What I Learned About Selling From…Movie Super Villains? | SalesAndMarketing.com
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What I Learned About Selling From…Movie Super Villains?

The bad guys have the art of increasing effectiveness down to a science.

By Russell Riendeau, Ph.D., founder, East Wing Group, Inc.


Who’s your favorite movie villain? Dr. Evil, Dr. No, Gordon Gekko, Hannibal Lecter, Darth Vader, The Joker, Dr. Octopus, The Terminator?  Google movie villains to see the big list and pick your favorites.


Every super villain you and I know has one redeeming quality: They are the model of efficiency in their respective specialty. They get the job done. And they can teach us a thing or two to increase our own effectiveness as sales and management professionals as we go about saving the world by providing valuable goods and services to a world under siege from villains of all kinds—real and imaginary.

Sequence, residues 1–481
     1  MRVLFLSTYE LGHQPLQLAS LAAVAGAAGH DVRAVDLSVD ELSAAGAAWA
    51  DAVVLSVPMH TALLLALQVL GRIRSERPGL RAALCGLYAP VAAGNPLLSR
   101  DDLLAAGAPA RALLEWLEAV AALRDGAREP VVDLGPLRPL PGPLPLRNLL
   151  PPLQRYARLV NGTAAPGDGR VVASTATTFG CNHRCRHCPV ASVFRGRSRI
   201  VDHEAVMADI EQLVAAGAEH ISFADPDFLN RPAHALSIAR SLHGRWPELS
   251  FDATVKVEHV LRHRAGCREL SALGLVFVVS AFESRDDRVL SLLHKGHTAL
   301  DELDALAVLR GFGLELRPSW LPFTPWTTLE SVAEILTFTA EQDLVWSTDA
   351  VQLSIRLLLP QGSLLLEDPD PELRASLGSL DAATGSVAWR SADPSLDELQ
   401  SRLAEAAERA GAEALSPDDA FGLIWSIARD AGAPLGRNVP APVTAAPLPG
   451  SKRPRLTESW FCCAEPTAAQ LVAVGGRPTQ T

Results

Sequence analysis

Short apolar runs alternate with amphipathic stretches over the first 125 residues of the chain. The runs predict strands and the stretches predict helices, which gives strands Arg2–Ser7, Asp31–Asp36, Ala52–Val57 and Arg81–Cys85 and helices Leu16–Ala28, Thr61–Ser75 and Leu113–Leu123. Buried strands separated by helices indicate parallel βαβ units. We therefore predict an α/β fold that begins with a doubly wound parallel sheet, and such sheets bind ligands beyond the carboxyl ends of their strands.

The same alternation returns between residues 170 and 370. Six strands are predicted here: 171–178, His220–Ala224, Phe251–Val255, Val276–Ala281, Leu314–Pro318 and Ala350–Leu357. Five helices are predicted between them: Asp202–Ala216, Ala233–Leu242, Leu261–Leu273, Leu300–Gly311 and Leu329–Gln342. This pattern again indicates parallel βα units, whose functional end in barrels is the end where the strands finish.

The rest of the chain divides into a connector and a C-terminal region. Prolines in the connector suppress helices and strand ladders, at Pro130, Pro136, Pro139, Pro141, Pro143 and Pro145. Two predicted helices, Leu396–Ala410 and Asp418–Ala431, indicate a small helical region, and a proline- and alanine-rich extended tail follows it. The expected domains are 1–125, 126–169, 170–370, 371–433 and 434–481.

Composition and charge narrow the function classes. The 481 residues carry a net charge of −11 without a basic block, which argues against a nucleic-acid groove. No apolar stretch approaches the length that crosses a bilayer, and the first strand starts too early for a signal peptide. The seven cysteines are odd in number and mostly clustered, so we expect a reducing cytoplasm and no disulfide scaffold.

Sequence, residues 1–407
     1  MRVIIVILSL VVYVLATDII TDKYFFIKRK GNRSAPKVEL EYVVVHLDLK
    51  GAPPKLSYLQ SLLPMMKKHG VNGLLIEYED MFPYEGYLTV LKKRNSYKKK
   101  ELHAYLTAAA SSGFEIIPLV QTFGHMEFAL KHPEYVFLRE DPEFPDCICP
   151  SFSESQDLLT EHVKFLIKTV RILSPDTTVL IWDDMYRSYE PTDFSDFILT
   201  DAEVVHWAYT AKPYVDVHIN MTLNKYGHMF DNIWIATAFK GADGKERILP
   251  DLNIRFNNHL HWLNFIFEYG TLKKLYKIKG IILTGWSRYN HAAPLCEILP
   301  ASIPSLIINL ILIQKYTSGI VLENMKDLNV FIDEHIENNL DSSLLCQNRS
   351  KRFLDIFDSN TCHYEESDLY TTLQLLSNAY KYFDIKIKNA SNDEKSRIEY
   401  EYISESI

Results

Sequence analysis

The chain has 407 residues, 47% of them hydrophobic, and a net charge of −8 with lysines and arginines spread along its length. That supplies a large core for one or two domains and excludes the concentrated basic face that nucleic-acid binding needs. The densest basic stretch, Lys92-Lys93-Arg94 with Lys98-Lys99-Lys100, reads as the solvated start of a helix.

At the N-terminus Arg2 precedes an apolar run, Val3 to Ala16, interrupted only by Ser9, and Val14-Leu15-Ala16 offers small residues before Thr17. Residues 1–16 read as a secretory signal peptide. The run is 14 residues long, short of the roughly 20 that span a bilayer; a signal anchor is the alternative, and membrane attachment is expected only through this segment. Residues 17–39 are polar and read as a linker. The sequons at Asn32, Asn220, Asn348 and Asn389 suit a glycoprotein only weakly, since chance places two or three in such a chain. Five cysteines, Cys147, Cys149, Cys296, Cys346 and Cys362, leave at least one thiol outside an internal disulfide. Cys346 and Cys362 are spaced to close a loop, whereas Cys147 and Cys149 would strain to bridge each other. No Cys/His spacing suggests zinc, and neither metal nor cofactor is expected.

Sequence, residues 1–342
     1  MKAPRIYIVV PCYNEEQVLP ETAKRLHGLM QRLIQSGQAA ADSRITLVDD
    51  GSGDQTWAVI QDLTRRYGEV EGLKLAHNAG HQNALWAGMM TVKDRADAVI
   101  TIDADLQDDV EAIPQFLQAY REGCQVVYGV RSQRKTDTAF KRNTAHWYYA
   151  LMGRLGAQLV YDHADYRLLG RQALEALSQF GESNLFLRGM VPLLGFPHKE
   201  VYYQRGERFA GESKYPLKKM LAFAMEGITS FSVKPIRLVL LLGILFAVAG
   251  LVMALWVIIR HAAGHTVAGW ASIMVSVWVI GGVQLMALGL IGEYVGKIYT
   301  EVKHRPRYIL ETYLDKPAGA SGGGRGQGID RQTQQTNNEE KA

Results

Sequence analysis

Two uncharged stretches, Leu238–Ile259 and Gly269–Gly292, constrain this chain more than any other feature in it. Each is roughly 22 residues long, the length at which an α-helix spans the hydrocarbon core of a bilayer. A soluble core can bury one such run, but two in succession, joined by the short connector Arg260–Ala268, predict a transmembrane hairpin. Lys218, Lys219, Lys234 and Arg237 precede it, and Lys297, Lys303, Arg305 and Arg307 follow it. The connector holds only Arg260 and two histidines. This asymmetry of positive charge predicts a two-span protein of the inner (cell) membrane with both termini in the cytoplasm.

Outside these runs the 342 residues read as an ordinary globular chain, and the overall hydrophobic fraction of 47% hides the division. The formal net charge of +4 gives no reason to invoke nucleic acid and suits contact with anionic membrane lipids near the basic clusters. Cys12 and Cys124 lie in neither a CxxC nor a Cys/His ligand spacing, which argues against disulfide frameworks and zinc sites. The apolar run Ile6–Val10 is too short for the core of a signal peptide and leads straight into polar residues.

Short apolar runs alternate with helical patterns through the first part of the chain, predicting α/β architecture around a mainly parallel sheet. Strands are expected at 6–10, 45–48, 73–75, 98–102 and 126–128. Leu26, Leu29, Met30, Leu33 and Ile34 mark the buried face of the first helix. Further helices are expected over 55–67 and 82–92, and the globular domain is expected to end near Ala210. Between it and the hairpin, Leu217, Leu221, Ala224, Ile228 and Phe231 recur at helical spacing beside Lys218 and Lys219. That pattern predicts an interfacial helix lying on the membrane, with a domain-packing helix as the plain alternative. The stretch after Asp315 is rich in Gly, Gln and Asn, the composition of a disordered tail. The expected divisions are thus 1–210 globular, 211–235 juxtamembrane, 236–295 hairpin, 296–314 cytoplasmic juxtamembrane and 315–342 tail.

Super villains also have a number of additional commonalities at their disposal that we all envy and thrive to possess:

  • They never have to get up from their desk chair to destroy the world—one button, maybe two are within easy reach. Kaboom!—they’re done for the day.
  • Their desk is on the shop floor—they see and are seen all the time.
  • They never skimp on purchasing a high-end,  ergonomically correct, efficiently designed, really cool desk and chair. They get more done with more technology available to them and  they experience less neck strain as they can swivel 360 degrees to view their monitors and other evil workers doing their best to ruin the world. (Think about it: When have you ever seen a super villain having to visit a chiropractor?)